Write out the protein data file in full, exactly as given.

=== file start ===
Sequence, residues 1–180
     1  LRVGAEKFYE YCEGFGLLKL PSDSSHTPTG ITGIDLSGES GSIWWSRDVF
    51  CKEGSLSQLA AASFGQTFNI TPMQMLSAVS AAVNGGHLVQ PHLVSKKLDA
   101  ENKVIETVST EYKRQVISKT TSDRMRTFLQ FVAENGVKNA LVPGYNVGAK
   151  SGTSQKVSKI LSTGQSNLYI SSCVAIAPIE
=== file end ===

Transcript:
Sequence, residues 1–180
     1  LRVGAEKFYE YCEGFGLLKL PSDSSHTPTG ITGIDLSGES GSIWWSRDVF
    51  CKEGSLSQLA AASFGQTFNI TPMQMLSAVS AAVNGGHLVQ PHLVSKKLDA
   101  ENKVIETVST EYKRQVISKT TSDRMRTFLQ FVAENGVKNA LVPGYNVGAK
   151  SGTSQKVSKI LSTGQSNLYI SSCVAIAPIE